China Lifts Restrictions on Private Pilot Licenses

Pent-up demand expected to be strong.

Chinese private pilot licenses

Chinese private pilot licenses

Following last week's easing of civilian flights in restricted airspace, the Civil Aviation Administration of China (CAAC) announced on Sunday that it would relax requirements for private pilot licenses.

With the strong cachet of private flying in the country, analysts expect pent-up demand to result in a stampede of growth for general aviation. China's current five-year plan lists developing its general aviation industry close behind the automotive industry in priority, as evidenced by aggressive investment in established U.S. manufacturers such as Cirrus, Mooney and Continental Motors. Some have suggested that China could eclipse the U.S. in general aviation activity in less than 10 years.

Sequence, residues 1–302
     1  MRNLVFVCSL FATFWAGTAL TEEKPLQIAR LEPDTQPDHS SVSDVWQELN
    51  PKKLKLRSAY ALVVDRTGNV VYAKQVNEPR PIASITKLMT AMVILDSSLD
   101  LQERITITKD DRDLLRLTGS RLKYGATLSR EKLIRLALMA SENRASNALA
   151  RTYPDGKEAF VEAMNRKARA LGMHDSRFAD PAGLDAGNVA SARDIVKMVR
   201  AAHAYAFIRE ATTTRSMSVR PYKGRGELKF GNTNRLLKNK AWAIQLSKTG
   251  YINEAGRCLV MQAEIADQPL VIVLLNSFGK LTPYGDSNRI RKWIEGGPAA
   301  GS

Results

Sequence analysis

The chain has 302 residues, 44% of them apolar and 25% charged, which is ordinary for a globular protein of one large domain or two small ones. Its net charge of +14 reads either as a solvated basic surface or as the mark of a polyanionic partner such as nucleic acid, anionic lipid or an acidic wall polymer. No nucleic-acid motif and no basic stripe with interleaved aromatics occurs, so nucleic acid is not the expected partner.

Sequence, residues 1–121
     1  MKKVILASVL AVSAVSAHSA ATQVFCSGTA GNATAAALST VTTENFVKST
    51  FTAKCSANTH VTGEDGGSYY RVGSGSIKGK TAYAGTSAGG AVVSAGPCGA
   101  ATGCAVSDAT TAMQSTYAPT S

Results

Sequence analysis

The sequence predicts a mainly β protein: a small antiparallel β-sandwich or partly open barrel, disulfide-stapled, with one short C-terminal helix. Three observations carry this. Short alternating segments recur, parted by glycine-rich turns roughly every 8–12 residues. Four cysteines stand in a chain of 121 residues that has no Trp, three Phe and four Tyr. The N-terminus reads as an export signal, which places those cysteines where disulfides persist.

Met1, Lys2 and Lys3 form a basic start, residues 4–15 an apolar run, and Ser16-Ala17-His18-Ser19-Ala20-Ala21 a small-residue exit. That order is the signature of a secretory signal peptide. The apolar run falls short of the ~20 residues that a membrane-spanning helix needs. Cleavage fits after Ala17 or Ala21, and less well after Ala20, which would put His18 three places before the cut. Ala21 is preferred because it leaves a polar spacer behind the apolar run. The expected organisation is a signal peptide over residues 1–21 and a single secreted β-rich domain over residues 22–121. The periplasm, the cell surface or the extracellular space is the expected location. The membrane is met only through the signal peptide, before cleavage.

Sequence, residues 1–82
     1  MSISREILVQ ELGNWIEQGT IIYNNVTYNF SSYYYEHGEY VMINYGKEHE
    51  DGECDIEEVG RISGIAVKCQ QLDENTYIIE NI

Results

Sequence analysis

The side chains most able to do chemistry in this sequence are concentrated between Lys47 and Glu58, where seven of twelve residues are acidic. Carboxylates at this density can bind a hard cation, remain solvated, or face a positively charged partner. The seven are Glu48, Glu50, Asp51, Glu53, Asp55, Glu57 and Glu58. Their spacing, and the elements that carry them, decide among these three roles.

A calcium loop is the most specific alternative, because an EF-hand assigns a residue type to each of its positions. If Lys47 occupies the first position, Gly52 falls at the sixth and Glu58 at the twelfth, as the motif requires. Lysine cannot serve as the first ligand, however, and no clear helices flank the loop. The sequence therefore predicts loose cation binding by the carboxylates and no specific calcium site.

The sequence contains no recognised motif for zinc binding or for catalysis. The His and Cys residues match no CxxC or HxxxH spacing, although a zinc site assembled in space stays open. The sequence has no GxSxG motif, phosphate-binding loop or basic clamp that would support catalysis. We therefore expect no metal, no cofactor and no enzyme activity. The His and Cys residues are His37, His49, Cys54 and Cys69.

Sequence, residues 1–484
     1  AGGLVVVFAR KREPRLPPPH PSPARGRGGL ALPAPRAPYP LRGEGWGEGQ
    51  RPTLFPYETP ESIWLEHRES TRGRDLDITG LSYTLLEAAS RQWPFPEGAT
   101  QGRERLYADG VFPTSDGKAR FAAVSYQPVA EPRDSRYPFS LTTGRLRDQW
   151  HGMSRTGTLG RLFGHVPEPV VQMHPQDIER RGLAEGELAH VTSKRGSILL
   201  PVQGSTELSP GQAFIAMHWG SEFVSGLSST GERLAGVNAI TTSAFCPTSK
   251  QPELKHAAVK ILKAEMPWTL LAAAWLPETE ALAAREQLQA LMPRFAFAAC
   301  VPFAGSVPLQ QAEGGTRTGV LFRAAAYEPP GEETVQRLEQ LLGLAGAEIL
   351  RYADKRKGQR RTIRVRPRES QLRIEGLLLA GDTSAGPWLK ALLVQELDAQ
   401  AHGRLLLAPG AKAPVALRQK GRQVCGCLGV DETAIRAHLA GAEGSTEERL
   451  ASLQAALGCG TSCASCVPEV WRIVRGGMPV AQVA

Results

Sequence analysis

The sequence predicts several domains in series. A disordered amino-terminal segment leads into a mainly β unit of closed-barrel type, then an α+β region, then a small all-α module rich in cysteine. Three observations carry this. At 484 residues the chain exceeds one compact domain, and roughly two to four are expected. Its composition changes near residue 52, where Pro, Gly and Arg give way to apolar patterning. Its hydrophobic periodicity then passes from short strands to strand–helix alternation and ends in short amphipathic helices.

Before last month's ruling on airspace, the Chinese military restricted private flying to 20 percent of the country's airspace (compared with 85 percent of U.S. airspace that is available to civil aviation), and private flights were required to apply for permits weeks in advance. According to the CAAC, there are 399 airports or heliports in the country and just more than 1,600 jets registered, including airliners. With wide expanses of territory and the lack of a national highway system, the potential for general aviation is great. But for years, Chinese military restrictions have capped growth. That could be changing now.

Up until Sunday's announcement, acquiring a private pilot license in China was more like qualifying for a commercial certificate in the U.S. system. Those rules were established in 1996. Now, requirements mirror those of the FAA. Anyone 17 years old (with a junior high school education) is eligible. Training involves a minimum 20 hours' dual instruction, 10 hours' solo and 10 hours of specialized instruction, such as night flying, for 40 hours of total time. An additional 40 hours of classroom time is also part of the curriculum.

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